The Spanish Ministry for Foreign Affairs Fabricates a Dossier of 70 Pages Full of Distortions and Falsehoods to “Combat” the Catalan pro-Independence Movement Abroad

Spain Global, a body of the Spanish Foreign Ministry led by Josep Borrell has prepared a dossier of 70 pages full of falsehoods and distortions to combat the Catalan pro-independence movement abroad.

The document includes a list of 45 “habitual” pro-independence movement “slogans” which the Ministry for Foreign Affairs classifies as “fakes.” The document contradicts each case with falsehoods and distortions.

For example, the document only acknowledges three injuries during the October 1, 2017 independence referendum. However, the official data provided by the Catalan health department puts it at 1,066 people, many of whom needed medical assistance and some even hospitalization.

The dossier also suggests that the “Catalan pro-independence movement” is not peaceful and considers the peaceful demonstration in front of the Catalan Department of Economy on Sept. 20, 2017, (in which nobody was injured) a “seige.” Numerous organizations have pointed out that this demonstration was just a peaceful exercise of the right to protest.

Catalan civil society leaders Jordi Cuixart and Jordi Sànchez were jailed and accused of sedition and rebellion for that demonstration. Organizations such as Amnesty International have repeatedly condemned this and called for their immediate release.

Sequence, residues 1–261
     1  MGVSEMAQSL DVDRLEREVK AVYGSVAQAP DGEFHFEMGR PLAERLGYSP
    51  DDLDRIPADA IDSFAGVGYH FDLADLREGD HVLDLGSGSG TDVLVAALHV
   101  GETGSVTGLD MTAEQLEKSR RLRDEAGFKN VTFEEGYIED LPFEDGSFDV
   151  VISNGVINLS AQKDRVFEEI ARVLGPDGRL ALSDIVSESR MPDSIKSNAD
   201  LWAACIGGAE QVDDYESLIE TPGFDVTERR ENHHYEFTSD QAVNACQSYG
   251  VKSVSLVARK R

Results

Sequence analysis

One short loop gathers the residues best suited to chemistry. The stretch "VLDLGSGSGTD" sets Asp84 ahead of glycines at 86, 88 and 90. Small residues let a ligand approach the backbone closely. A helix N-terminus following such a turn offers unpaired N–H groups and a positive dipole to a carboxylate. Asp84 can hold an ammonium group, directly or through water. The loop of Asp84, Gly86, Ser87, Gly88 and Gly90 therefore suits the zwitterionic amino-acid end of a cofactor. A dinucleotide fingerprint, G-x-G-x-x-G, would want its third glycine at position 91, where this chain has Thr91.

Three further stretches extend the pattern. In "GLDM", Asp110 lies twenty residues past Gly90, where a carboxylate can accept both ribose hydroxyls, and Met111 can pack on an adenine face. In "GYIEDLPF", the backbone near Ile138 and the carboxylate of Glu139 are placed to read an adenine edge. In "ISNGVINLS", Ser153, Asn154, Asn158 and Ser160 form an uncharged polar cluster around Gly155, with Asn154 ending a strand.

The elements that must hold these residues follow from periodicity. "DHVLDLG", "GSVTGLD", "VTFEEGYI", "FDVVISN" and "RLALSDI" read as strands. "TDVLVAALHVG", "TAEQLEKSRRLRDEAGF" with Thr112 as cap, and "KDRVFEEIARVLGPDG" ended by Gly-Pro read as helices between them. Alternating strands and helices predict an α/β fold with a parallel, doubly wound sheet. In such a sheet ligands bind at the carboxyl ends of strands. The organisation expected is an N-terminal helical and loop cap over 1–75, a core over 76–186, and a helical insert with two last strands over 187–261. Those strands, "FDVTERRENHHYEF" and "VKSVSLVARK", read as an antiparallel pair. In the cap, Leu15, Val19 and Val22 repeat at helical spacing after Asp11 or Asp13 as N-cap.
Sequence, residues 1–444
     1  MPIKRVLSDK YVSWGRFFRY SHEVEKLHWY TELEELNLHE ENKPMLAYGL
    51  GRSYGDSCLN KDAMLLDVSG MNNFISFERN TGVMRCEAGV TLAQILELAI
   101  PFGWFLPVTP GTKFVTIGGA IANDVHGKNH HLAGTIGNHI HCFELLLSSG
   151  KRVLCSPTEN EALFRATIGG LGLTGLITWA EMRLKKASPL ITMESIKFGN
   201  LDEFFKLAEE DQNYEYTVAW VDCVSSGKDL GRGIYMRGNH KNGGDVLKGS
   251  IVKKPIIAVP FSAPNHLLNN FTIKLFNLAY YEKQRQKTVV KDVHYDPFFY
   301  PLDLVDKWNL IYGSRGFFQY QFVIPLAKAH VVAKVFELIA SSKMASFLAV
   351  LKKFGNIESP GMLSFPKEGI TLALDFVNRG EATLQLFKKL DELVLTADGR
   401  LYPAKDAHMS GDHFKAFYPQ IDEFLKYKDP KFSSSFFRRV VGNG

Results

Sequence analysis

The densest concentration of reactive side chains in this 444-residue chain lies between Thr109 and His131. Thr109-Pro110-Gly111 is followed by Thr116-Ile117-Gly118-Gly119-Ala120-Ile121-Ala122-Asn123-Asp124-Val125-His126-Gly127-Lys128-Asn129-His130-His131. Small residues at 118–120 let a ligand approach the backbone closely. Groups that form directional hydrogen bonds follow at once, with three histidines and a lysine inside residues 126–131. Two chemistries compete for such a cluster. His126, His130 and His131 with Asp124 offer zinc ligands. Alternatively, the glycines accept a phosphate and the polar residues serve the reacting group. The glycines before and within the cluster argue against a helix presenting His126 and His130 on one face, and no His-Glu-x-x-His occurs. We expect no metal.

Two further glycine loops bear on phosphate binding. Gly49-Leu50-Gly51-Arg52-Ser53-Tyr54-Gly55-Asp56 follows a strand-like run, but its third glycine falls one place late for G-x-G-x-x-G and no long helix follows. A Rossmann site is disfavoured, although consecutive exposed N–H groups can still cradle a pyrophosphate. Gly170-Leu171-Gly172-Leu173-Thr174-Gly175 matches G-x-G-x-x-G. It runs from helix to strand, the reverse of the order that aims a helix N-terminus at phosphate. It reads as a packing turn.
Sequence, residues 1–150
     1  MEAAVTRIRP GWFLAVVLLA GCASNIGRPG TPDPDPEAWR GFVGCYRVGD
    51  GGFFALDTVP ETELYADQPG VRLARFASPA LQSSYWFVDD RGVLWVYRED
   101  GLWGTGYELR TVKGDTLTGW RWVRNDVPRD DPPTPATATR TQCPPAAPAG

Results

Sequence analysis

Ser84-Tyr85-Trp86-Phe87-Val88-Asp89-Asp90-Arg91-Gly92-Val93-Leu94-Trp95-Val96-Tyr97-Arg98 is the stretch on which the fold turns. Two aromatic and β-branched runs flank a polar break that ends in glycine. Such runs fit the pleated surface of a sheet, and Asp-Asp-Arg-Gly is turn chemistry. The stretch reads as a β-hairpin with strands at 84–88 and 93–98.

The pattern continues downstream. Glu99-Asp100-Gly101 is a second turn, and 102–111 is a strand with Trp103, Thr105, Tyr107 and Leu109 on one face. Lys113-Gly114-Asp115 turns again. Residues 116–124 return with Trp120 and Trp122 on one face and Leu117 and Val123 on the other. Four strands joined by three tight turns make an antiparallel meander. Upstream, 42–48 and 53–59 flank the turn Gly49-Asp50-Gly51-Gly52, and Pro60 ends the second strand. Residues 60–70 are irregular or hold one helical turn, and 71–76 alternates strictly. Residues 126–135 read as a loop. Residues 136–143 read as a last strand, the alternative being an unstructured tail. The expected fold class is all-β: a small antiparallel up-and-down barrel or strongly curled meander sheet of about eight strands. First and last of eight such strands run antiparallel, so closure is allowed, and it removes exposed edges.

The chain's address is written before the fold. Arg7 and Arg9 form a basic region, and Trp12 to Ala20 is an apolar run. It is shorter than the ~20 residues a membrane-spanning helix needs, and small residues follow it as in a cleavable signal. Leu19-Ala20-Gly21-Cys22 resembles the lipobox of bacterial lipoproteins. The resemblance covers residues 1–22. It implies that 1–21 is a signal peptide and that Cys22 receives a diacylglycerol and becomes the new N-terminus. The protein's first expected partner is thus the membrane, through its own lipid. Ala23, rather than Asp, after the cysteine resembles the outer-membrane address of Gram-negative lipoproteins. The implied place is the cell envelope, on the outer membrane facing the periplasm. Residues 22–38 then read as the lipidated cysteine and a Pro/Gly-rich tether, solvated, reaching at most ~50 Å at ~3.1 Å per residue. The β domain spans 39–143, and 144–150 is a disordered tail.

Captura.PNG

The document explains that there aren’t any political prisoners, despite the fact that Amnesty International has published several reports saying that “the charges against Cuixart and Sànchez are unfounded and must therefore be dropped. If it can be shown that they called on demonstrators to prevent police from carrying out a lawful operation, this could constitute a prosecutable public order offence. But accusing them of such serious crimes as rebellion or sedition and detaining them for a year is disproportionate and an excessive restriction of their rights to freedom of expression and peaceful assembly.” Thus, it is clear that the jailed Catalan leaders are in prison for their ideas, not their crimes, therefore they are political prisoners.

The dossier also violates the presumption of innocence of former Catalan parliament speaker Carme Forcadell, saying that her “illegal” acts “deprived Catalans of rights, and violated mandates” of courts. 

10.PNG

Regardless, to the extent that the imprisoned Catalans have been convicted of no crimes, the dossier violates the European Convention on Human Rights’ Article 6 (“Right to a fair trial”).

Per the CoE, “Art. 6§2 prohibits statements by public officials about pending criminal investigations which encourage the public to believe the suspect is guilty.” In this case, it’s more than just oral statements. It’s publishing and actively distributing documents implying guilt.

ECFlzw5XoAERP5u

Another chapter refers to the Spanish far right-wing party Vox as a “conservative” party and defends their presence in the Independence Trial as a private prosecutor. The body has indicated that this document is only one of many materials that are taken into consideration in its work “to face the threats to the reputation of Spain.”